Car seats are proven to protect kids from injuries during sudden stops, swerves or crashes, however they are not always easy to use, especially for families new to our country. For lower-resource families, they also might not be easy to buy.
The UC Davis Health Trauma Prevention and Outreach Program is making sure that’s not the case in our community.
Thanks to a partnership with the Sacramento Food Bank in Oak Park and funding from Kohl’s Cares, program staff provide families on public assistance with access to car seat education and, if they don’t already have one, a car seat. The education session also can be provided in English, Spanish or Dari.
“Car seats aren’t mandatory in all countries like they are in the U.S.,” said Christy Adams, trauma prevention coordinator for UC Davis Health. “Car seat policies also differ by state, making it confusing even for those moving within the U.S. Our goals are to make it easy for parents in our region to understand why car seats are important and how to use them properly.”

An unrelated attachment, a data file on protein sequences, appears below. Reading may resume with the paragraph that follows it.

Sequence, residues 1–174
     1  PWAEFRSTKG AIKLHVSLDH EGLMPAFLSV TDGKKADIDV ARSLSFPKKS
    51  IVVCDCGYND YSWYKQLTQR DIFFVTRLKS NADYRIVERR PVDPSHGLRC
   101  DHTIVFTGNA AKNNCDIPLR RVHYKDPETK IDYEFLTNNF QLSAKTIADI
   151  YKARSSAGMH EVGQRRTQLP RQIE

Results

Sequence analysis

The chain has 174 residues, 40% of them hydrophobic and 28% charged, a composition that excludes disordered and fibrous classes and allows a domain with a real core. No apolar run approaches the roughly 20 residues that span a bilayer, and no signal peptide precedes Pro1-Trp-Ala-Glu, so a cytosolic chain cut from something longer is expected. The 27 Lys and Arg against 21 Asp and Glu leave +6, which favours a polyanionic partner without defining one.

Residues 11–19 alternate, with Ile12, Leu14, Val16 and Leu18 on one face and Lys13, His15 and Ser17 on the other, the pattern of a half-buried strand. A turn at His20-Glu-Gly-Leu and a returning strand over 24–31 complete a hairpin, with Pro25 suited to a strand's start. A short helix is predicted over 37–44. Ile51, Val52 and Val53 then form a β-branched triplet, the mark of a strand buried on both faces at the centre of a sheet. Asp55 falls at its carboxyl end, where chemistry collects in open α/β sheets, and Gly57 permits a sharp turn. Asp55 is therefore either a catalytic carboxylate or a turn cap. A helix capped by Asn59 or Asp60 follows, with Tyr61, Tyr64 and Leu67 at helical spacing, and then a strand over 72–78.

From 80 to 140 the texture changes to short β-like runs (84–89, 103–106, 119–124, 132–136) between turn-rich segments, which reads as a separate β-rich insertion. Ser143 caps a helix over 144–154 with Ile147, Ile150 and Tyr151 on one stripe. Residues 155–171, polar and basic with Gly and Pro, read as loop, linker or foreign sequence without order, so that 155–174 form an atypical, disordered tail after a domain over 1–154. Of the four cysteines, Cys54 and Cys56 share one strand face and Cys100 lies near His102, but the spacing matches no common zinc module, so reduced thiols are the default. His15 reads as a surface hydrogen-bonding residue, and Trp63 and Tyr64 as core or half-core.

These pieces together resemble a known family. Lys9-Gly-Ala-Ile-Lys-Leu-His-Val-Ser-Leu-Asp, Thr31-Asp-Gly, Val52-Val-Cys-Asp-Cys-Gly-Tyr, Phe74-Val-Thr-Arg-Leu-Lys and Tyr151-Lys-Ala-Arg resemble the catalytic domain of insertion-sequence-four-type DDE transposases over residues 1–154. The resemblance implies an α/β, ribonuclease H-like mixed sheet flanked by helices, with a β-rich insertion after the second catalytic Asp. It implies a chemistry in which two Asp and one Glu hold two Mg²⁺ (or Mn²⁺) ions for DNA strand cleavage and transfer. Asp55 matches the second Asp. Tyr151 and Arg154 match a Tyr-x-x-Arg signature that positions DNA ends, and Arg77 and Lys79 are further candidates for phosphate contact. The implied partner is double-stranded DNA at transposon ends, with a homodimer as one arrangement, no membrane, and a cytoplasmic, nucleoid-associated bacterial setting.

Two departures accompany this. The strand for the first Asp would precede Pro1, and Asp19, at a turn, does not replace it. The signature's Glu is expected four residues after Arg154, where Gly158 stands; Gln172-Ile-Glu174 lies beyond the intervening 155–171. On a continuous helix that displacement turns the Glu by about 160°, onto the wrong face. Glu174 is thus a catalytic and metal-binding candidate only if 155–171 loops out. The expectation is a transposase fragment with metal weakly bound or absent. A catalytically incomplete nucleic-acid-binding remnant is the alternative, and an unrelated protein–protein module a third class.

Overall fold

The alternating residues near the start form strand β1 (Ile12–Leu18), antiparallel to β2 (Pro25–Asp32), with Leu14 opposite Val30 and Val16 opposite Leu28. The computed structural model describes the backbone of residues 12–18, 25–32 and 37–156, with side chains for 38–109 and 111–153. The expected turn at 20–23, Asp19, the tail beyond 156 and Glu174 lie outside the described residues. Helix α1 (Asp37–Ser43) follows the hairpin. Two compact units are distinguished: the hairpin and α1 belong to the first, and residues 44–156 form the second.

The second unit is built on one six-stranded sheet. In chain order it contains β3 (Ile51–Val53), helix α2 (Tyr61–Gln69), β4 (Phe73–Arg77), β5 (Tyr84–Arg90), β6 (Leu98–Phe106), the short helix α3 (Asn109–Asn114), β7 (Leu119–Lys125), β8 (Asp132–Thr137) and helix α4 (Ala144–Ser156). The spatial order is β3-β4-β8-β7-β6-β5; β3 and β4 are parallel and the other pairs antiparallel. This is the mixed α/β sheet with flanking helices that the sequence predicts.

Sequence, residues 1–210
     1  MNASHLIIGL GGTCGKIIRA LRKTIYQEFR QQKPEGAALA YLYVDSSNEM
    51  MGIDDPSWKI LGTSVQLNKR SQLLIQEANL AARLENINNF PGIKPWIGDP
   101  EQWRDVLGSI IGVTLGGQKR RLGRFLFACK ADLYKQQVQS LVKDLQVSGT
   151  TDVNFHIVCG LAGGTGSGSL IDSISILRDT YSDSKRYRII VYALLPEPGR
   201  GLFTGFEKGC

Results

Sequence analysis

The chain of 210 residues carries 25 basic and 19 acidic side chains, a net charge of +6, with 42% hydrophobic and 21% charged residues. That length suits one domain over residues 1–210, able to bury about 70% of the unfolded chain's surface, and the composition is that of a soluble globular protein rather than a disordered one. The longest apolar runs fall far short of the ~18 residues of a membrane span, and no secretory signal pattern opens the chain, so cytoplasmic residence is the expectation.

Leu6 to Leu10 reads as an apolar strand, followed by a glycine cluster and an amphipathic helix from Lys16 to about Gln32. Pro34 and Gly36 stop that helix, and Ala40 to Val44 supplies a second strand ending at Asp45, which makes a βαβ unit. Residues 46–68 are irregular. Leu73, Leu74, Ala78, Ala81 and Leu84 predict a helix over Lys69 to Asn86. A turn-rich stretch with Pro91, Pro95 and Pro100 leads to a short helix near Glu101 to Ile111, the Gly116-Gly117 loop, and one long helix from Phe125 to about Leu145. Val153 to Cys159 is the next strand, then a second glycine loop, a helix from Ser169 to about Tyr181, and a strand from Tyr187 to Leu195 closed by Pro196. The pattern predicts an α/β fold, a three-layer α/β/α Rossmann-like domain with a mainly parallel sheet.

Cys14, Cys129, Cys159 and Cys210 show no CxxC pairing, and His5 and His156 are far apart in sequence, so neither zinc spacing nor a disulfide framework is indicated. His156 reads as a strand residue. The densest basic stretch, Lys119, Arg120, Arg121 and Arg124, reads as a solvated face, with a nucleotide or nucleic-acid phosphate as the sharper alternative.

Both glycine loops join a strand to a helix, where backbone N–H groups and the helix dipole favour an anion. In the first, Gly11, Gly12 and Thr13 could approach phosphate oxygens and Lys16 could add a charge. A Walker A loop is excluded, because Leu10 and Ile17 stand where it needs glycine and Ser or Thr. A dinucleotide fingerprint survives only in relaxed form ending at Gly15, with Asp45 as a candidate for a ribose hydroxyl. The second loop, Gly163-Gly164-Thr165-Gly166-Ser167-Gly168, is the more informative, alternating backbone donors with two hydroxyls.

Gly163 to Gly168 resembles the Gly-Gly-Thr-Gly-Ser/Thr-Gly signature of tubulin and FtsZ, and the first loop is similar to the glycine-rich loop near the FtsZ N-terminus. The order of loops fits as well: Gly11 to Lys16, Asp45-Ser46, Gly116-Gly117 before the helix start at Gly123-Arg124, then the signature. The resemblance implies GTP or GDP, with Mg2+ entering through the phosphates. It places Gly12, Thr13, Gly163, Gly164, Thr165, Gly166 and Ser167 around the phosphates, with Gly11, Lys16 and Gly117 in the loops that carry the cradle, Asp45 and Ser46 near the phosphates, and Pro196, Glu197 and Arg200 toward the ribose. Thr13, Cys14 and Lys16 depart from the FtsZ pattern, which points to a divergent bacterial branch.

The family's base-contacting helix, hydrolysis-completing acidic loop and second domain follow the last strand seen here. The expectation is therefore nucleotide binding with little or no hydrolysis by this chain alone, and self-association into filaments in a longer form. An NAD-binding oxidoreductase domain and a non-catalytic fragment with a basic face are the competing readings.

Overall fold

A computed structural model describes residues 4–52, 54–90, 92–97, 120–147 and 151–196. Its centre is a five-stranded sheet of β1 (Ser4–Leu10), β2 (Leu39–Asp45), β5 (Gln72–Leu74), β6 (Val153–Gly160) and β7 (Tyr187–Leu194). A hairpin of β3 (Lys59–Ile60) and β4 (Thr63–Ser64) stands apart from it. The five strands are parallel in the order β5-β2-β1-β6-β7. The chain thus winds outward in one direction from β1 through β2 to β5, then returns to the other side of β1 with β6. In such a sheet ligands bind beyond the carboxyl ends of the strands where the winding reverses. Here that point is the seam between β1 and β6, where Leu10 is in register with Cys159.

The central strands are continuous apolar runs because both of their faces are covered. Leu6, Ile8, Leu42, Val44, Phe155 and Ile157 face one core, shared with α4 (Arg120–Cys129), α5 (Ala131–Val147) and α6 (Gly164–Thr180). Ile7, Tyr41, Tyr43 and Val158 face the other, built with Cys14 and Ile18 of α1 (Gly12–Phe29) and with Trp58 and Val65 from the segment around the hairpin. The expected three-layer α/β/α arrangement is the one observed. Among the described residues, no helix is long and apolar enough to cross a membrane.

The classes are held at the food bank, close to where low-income, immigrant and refugee families come for clothing, food, social and legal services. Community educator Misael Chavarin presents current requirements and demonstrates how to use car seats as children grow from infancy to age 8 or a height of 4’9”, when most can just use seat belts. A grant from Kohl’s covers the costs of a car seat.
“We are committed to keeping kids safe and away from the emergency room,” said Chavarin. “Our partnerships and expertise together help ensure that no one is left out of those commitments.”
The UC Davis Health Trauma Prevention and Outreach Program decreases preventable deaths and injuries through education, research and outreach. Partnerships with government agencies, law enforcement, service organizations and corporations help extend those efforts throughout the community. For information, visit the program website.